With no more aircraft connections to be made, the plane touched down in South Carolina. The adrenalin was palpable. Anticipation constrained their bated breath. The conviction of their voracious desire was but a moment in time away. The melancholy came across their faces relatively simultaneously; fore they realized the clock would soon be ticking toward the diminishing accessibility of time and the inherent restraint of their addiction.

In a frenzied surreal state, the bags were grabbed from the small craft on the tarmac, as they proceeded toward their inexorableness conclusion of anticipation. Their site was keen as they concurrently focused upon the initial glimpse of the object of their anticipation, the object of their affection, their addiction. In a moment, to be forever frozen in time, the beast from within would be provisionally satisfied; along with the caveat of knowing full well, the beast from within is only fleetingly satisfied.

“So if your tired of the same old story, turn some pages, I will be here when you are ready to roll with the changes…” Keep on rolling!


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    • gjfalcone profile imageAUTHOR


      6 years ago from Gilbert, Arizona

      Thank you for your comments and for adding context to the story Rahul.

    • rahul0324 profile image

      Jessee R 

      6 years ago from Gurgaon, India

      Separation is tough.. but who can argue.. it is a part of life! isn't it?

      I have been away from my family since 3 years and I certainly miss them!

      Nice write

    • gjfalcone profile imageAUTHOR


      6 years ago from Gilbert, Arizona

      Thanks as always for your comments phdast7. I like the combination of surprised and grateful as well.

    • phdast7 profile image

      Theresa Ast 

      6 years ago from Atlanta, Georgia

      Hello gjf -

      Separation is certainly hard...with a father in the Air Force my life was full of separations until I was about 18 and settled in Georgia to go to school. I am both surprised and very grateful that my three sons and their families all live no more than an hour from me.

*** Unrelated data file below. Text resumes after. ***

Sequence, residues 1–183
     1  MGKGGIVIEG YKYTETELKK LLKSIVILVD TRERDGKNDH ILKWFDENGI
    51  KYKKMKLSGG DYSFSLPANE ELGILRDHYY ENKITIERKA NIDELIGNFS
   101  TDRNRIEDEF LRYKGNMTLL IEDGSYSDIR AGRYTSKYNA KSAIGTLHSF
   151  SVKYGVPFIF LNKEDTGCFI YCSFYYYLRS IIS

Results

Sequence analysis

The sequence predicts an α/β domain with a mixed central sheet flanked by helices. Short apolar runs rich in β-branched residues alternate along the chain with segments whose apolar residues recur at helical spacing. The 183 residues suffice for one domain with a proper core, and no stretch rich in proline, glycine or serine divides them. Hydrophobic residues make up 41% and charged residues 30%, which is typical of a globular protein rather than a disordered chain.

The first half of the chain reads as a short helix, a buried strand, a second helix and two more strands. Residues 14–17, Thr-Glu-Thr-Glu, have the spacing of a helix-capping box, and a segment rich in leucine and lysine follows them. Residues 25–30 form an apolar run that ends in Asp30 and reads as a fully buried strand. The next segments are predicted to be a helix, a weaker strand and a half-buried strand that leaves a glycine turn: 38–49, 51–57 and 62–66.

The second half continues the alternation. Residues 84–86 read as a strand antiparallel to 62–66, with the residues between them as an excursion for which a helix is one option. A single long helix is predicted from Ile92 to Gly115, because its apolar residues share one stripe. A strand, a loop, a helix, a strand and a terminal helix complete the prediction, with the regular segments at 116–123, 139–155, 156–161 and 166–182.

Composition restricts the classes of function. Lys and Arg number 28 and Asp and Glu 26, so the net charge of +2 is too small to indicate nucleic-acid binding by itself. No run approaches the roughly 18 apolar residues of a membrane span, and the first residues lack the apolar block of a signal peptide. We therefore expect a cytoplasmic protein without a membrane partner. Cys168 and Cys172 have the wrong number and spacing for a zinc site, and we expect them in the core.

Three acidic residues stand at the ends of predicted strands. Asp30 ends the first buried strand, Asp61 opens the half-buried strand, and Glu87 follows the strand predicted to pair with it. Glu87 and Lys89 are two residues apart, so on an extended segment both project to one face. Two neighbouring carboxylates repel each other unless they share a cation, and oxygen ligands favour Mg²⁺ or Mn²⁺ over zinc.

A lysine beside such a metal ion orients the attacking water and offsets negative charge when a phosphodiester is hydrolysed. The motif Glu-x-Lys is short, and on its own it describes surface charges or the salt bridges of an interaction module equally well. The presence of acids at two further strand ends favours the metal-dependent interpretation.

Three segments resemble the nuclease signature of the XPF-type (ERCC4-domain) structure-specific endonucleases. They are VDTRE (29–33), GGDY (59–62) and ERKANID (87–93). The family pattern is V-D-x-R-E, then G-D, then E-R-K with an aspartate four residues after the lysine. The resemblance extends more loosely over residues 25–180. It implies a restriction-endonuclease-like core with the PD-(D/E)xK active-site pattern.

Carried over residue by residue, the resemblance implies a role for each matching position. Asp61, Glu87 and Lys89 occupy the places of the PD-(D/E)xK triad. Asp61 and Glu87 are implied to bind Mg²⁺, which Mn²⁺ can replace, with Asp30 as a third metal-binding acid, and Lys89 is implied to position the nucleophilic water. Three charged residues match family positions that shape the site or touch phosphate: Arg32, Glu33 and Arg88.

The counterpoint in your story of anticipation, joy at seeing each other (but tinged with an awareness of the ticking clock and expiring time) is very true to life. I guess the end of anything is always contained in the beginning. Sad. :( Theresa

    • gjfalcone profile imageAUTHOR


      6 years ago from Gilbert, Arizona

      Hello Hui, Thank you for your comments. I appreciate your support as well as your context to the story. Be well my friend.

    • Hui (蕙) profile image

      Hui (蕙) 

      6 years ago

      We never lost our family and the most meaningful human feeling wherever we are!

    • gjfalcone profile imageAUTHOR


      6 years ago from Gilbert, Arizona

      Thanks for your words of support Michele. I'm not in a bad place, albeit all too familar.

    • Michele Travis profile image

      Michele Travis 

      6 years ago from U.S.A. Ohio

      Hi gjf it is hard, but please try to remember it has been hard for a long time. You have seen your beautiful little granddaughter. That is a good thing. Each day there is a good thing, even if it is only a small good thing. Remember the good thing that happens each day, even if it is only one small good thing. Just an idea.

    • gjfalcone profile imageAUTHOR


      6 years ago from Gilbert, Arizona

      Well said femme, the adulation of the moment must not be overtaken the inevitability of the limitations beyond our control. Thank you as always for your considered perspective.

    • profile image


      6 years ago


      I'm sincerely sorry for the separation in your family, especially with your grandchild.

      I do understand about watching the clock, and being aware of every moment gone when with a loved one, and knowing the time with them will be over soon.

      It's a two-sided situation. Being thankful for the interraction, and dreading that it will end much too soon.